I found a recommendation for this book on a blog, and it percolated in the back of my mind until I decided to act on it and actually read the book. Unfortunately, I cannot find the blog where I picked up the recommendation, which is disappointing, but alas! These things happen.
It begins as an assignment for English class: Write a letter to a dead person.
Laurel chooses Kurt Cobain because her sister, May, loved him. And he died young, just like May. Soon, Laurel has a notebook full of letters to the dead—to people like Janis Joplin, Heath Ledger, Amelia Earhart, and Amy Winehouse—though she never gives a single one of them to her teacher. She writes about starting high school, navigating the choppy waters of new friendships, learning to live with her splintering family, falling in love for the first time, and, most important, trying to grieve for May. But how do you mourn for someone you haven’t forgiven?
It’s not until Laurel has written the truth about what happened to herself that she can finally accept what happened to May. And only when Laurel has begun to see her sister as the person she was—lovely and amazing and deeply flawed—can she truly start to discover her own path.
In a voice that’s as lyrical and as true as a favorite song, Ava Dellaira writes about one girl’s journey through life’s challenges with a haunting and often heartbreaking beauty.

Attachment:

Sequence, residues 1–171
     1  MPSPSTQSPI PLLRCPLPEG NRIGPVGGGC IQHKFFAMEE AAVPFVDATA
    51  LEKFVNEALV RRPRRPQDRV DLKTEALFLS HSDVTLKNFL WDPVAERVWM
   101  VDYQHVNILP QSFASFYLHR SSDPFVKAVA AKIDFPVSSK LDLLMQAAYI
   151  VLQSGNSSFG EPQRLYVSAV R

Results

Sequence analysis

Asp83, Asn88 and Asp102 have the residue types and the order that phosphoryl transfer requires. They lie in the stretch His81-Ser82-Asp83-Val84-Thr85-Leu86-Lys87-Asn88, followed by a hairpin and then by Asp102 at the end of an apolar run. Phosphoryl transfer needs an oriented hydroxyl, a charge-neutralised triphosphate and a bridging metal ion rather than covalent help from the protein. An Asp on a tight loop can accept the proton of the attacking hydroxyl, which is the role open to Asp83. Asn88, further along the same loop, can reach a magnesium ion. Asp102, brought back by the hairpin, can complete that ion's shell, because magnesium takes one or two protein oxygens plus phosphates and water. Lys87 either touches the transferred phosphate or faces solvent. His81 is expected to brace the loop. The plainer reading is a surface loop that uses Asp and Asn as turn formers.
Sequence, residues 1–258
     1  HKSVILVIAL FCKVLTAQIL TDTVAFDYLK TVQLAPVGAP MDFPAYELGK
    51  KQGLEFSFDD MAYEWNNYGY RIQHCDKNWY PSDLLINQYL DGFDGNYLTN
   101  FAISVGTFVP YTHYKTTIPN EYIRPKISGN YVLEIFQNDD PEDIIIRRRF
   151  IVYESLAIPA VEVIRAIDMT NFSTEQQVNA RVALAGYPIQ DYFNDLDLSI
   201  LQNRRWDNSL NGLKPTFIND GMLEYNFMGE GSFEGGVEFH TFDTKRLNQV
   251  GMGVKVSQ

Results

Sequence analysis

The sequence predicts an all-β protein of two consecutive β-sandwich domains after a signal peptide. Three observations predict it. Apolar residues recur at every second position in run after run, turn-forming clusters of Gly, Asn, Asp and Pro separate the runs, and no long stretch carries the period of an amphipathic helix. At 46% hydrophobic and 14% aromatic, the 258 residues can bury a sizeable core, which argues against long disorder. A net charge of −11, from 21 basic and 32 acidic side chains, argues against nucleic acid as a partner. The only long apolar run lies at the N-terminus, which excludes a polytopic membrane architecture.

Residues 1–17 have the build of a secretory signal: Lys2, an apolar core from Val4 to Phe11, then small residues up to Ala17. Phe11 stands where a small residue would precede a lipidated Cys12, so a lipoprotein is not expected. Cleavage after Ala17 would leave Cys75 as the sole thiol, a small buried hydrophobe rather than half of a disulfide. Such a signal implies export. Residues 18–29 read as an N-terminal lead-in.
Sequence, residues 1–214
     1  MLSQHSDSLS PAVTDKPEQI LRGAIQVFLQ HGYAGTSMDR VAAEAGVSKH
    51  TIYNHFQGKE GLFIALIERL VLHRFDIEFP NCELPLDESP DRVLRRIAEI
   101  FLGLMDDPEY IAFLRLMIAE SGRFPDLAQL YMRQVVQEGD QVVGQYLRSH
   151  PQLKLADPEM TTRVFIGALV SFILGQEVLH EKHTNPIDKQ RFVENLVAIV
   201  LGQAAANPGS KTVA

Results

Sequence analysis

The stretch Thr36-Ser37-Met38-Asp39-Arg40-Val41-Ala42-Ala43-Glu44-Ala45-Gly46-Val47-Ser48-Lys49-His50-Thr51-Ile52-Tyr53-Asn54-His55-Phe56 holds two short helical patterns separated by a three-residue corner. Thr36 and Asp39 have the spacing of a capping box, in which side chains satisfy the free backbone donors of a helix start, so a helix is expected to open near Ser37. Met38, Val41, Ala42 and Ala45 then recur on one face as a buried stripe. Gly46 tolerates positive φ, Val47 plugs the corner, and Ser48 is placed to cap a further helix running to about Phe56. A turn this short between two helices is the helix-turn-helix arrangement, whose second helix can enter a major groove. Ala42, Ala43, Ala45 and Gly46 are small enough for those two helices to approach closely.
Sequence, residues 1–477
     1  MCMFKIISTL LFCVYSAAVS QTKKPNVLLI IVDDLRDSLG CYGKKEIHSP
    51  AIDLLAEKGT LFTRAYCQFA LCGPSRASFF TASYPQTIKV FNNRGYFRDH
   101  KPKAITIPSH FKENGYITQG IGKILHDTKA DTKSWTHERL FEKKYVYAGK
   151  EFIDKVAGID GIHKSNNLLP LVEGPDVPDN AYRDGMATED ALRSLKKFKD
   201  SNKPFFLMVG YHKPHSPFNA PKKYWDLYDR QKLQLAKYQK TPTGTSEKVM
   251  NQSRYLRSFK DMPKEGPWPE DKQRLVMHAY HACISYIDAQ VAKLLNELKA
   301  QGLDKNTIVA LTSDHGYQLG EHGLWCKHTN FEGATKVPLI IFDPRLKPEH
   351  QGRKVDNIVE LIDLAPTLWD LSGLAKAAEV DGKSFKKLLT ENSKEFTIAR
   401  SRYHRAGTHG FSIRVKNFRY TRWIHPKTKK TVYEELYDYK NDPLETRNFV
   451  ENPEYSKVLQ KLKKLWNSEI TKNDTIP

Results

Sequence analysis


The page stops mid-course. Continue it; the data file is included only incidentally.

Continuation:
I don’t know what it was about this book – at times it was beautiful, and heartbreaking, as you saw one young girl try to deal with something no child should ever have to endure – the death of her sister and the grieving which followed. It read, at times, like the best of Sarah Dessen’s novels, and for that, I would happily give it a good rating.
The issue with this book, however, was that it was utterly forgettable. A few months on, I’ve lost most of the major plot details and I don’t retain any of the feelings which the book evoked. Even the relationship between sisters, which for me is normally an instant thumbs up, was nothing to really write home about.
I thought this book had a lot of potential, and perhaps for someone who has gone through something similar to the narrator, it would resonate more, but for me this book was one of many gentle, friendly books this year, and doesn’t do anything to distinguish itself from the pack.
Nothing to complain about here, but nothing to rave about either.